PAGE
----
On TV, however, it’s also the weirdest time of the year -- a time of special programming that comes all at once, preempts all of the regular shows for a month or more, and more to the point, seems vaguely out of sync with the kind of shows we’re used to seeing at all other times of the year.
This week’s two-hour prime-time salute to Tony Bennett on NBC (Tuesday night, December 20, starting at 9 Eastern) is a case in point. The show, titled “Tony Bennett Celebrates 90: The Best is Yet to Come,” commemorates the singer’s 90th birthday. That milestone came and went last summer (on August 3), however.
Whether it is commemorated on or near the actual birthday, or more than four months later as this one is, few would disagree that reaching 90 is a milestone worth celebrating.
Many celebrities (and ordinary people too) are living into their 90s these days. By coincidence, The Hollywood Reporter has a dandy feature story on its Web site, THR.com, in which about a dozen spry celebrities age 90 or over are interviewed.
They include Don Rickles, 90, Dick Van Dyke, 91, Carl Reiner, 94, Cloris Leachman, 90, and others. The “interview” with Jerry Lewis, 90 -- in which Lewis is wholly uncooperative and eventually requests that the reporter be thrown out of his house -- is particularly priceless. There’s even video of it.
Meanwhile, Tony Bennett seems to be in good health. A preview screener of his NBC birthday special was not available on the Web site that NBC maintains to aid TV columnists in the carrying out of their duties. But the publicity photos posted there give the impression that this special figures to be one of the year’s oddest experiences.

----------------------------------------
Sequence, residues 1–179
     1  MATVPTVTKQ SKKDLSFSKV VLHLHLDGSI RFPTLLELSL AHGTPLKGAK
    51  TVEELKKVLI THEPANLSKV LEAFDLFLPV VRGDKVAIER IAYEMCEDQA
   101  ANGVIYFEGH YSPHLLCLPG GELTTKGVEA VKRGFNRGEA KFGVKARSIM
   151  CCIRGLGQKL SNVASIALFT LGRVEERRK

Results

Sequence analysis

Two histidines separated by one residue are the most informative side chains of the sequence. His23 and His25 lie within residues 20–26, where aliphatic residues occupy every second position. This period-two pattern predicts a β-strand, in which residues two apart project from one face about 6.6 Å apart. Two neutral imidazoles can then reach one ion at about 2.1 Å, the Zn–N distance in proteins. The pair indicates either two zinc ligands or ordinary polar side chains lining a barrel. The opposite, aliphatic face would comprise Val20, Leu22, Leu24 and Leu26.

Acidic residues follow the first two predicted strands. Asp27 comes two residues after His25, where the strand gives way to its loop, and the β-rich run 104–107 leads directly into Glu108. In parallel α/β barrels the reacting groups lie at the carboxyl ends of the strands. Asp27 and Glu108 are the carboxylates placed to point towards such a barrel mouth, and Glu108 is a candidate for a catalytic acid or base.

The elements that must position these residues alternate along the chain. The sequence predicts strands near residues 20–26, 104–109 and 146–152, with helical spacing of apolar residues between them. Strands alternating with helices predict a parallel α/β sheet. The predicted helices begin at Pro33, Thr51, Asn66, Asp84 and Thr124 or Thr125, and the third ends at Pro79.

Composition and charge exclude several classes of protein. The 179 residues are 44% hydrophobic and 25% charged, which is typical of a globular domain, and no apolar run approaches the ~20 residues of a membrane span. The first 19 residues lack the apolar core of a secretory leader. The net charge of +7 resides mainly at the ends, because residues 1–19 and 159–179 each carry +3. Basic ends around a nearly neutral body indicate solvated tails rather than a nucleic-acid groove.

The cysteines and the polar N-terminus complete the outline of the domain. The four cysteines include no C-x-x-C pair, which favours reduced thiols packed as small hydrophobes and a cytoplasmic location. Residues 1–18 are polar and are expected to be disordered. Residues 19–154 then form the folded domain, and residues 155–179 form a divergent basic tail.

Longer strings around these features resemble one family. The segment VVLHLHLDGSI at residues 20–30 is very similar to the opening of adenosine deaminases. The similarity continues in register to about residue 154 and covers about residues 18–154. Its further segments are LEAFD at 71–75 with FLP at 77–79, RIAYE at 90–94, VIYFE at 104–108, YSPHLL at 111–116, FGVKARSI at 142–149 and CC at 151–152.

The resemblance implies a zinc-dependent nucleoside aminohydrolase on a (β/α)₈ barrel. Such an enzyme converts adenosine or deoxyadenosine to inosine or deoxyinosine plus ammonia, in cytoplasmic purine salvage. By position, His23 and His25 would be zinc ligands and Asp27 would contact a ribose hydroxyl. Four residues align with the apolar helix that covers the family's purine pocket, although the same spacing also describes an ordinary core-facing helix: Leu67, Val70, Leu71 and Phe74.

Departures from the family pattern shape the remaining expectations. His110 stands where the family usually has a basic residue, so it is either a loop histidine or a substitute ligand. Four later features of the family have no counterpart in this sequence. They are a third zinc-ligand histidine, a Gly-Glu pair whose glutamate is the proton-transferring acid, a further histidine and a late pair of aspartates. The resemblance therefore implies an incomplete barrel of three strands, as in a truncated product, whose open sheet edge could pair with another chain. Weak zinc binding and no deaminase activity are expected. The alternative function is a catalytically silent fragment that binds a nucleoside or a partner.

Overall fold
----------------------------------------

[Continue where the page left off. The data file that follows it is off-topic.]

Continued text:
Among other images, there are pictures of Tony performing with Lady Gaga (not surprisingly), and other photos of guests such as Stevie Wonder, Diana Krall, Bruce Willis, John McEnroe and Rufus Wainwright.
Seven publicity photos are provided of an apparent comedy bit involving Don Rickles and Regis Philbin interacting with Miss Piggy. That’s a recipe for kitsch if there ever was one.
In other photos, Alec Baldwin is seen in full prosthetic make-up impersonating Tony Bennett. The reason for this is unclear, but a photo shows the fake Alec Baldwin Tony Bennett posing with the real one. I guess we will have to watch tonight to see what happens.
Last night (Monday), CBS gave an hour of prime time to a special show in which Oprah Winfrey interviewed Michelle Obama. On Tuesday morning, the indications were that the special -- which carried the awkward, wordy title of “First Lady Michelle Obama Says Farewell to the White House -- An Oprah Winfrey Special” -- scored well in the ratings. That should surprise nobody.
And just in case you missed it, it airs Wednesday night on OWN too (starting at 9 p.m. Eastern).
Still to come this month: “The 39th Annual Kennedy Center Honors,” airing next Tuesday (December 27) starting at 9 p.m. Eastern on CBS. This show isn’t odd or weird or kitschy. On the contrary, it’s so classy that it sticks out like a sore thumb when positioned next to almost everything else normally seen on TV.
This year’s honorees are Al Pacino, James Taylor, Mavis Staples, the Eagles (the singing group, not the football team from Philadelphia) and Martha Argerich, an Argentinian pianist. Yes, an Argentinian pianist who almost no one in America has ever heard of (other than devotees of such things) will be honored next week in prime time on CBS. Imagine that.